Cuts to advertised tuition come in the face of an enrollment drop and consumer backlash
by MATT KRUPNICK, Excerpted From HECHINGER REPORT
It may have been one of the biggest back-to-school sales ever: a 36 percent drop in the advertised cost of a college education.
That’s what awaited students this fall at Mills College, one of a growing number of higher-education institutions that have started freezing or dropping their prices in the face of a years-long enrollment decline and heightened price sensitivity.
The 1,300-student private college in Oakland, California, which like many private colleges has been having trouble attracting students, dropped its sticker price from $45,000 to $29,000 a year.
It’s an increasingly common example of market forces finally coming to bear on college costs, which have consistently grown much faster than prices for other goods and services thanks to a steady supply of students. In the 10 years ending in 2016, college tuition and fees rose 63 percent, or three times the rate of everything else tracked by the Consumer Price Index, the U.S. Bureau of Labor Statistics report
Today, however, because of a decline in the number of 18- to 24-year-olds and an improving economy that is sucking people straight into the workforce, colleges have 2.9 million fewer customers than they did at the last peak, in 2011, according to the National Student Clearinghouse, which tracks this.
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Meanwhile, almost seven in 10 parents said in a survey that they had eliminated colleges from consideration for their children because of the cost. In another survey, only 44 percent of Americans said private, nonprofit universities and colleges are worth what they charge.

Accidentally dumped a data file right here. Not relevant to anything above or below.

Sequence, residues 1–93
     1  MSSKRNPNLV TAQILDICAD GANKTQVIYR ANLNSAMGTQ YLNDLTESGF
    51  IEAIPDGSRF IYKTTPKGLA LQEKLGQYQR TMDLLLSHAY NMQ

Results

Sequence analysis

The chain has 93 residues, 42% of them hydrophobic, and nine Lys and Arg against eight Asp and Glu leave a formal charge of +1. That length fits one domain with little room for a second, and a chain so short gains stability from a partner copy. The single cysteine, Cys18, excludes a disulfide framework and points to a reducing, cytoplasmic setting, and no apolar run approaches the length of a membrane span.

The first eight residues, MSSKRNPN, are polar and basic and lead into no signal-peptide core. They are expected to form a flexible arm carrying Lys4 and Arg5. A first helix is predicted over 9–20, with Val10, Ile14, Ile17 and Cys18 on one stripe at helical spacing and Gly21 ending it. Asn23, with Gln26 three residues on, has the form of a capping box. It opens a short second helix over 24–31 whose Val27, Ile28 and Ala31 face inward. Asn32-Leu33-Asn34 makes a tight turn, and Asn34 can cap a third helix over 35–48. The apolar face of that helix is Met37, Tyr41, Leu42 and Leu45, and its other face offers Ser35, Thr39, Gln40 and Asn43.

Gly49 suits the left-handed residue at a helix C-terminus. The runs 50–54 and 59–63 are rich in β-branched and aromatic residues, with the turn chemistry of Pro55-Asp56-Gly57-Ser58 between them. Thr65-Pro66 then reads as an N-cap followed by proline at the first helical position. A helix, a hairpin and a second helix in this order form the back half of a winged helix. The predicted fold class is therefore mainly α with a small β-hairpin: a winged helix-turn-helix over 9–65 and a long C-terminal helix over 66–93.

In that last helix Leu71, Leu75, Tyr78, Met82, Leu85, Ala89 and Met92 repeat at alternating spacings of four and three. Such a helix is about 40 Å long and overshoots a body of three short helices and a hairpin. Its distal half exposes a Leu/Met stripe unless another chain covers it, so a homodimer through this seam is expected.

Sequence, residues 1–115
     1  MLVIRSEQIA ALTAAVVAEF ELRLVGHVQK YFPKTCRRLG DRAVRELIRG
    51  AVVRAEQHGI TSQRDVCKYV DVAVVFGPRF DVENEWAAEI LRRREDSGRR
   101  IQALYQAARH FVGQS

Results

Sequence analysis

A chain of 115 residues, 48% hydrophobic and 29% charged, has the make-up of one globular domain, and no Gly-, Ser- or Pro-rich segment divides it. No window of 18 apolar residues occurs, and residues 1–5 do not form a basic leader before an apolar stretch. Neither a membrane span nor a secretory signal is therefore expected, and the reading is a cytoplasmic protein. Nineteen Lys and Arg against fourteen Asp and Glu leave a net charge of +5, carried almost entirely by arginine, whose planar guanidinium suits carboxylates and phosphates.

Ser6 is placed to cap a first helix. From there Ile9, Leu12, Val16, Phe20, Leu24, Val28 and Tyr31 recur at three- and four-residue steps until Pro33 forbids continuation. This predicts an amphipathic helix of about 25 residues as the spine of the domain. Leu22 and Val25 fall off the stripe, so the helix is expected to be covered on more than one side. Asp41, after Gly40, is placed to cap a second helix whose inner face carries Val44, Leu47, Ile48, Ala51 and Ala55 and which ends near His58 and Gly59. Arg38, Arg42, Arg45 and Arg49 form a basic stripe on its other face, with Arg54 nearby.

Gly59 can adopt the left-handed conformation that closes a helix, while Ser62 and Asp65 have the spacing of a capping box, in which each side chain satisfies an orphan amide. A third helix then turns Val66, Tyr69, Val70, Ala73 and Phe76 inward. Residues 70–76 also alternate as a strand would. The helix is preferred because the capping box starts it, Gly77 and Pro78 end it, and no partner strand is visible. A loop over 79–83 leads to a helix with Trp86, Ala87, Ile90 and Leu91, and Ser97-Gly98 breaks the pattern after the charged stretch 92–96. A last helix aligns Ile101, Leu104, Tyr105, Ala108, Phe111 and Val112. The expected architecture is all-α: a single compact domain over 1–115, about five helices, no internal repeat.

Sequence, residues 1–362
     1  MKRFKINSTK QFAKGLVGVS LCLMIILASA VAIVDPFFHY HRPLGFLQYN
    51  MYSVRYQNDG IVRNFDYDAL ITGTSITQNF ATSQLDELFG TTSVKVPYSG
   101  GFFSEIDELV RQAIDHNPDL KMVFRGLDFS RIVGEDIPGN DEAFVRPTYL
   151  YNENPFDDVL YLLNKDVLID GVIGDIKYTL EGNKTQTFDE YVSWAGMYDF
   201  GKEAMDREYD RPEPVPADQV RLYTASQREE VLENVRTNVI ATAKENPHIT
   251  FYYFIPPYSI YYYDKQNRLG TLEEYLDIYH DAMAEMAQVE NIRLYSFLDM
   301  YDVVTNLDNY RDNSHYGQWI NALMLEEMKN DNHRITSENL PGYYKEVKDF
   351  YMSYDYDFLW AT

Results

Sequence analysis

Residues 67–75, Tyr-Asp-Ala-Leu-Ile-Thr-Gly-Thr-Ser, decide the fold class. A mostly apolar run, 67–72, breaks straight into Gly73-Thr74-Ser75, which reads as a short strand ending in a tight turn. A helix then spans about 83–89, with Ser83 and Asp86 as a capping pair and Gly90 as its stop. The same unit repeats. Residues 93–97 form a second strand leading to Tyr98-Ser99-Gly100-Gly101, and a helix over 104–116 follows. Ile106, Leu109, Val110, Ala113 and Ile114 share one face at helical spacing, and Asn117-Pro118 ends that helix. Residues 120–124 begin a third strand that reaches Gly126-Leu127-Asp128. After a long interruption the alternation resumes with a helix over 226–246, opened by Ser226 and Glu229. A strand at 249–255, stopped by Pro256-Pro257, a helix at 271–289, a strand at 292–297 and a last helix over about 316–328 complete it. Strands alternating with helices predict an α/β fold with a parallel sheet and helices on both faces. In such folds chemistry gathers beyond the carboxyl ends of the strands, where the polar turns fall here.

More colleges are realizing there’s no point having high sticker prices if they’re discouraging prospective applicants and few students are actually paying them, said Sandy Baum, an independent higher-education consultant and retired economics professor.
“It’s very much a strategic decision,” Baum said. “They’re looking at, will we get more applicants if we lower our sticker price? It works for some of them and it really doesn’t work out for others.”
More and more are giving it a try.
Drew University, Sweet Briar College, Birmingham-Southern College, Benedict College and the University of Sioux Falls all reduced their advertised tuition starting this year. Old Dominion University is lowering the price of undergraduate tuition for active-duty military service members. Champlain College cut tuition in half for students in its online program, part of a strategy to increase enrollment.
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Concerned about Illinois high school graduates leaving for colleges in other states, the University of Illinois system is in the fourth year of a tuition freeze. The University of Colorado has cut fees. Five South Dakota universities are offering lower in-state tuition this fall to freshmen and transfer students from Nebraska; the University of Nebraska at Kearney will extend the deal next year to residents of Colorado and Kansas. The University of Missouri-Kansas City, meanwhile, is offering lower resident tuition to students from Kansas and other midwestern states.
Some of the seeming price drops are sleight of hand. Most students don’t pay the advertised price for college, but, after receiving discounts and financial aid, end up owing a lower “net price.” At private colleges, that comes to about half as much, said Lucie Lapovsky, a pricing consultant. And as the stream of students has dried up, those discounts have been getting deeper.
Colleges like Mills are simply changing their advertised prices to something closer to the average of what students actually pay, though Mills says most students will still see their costs decline.
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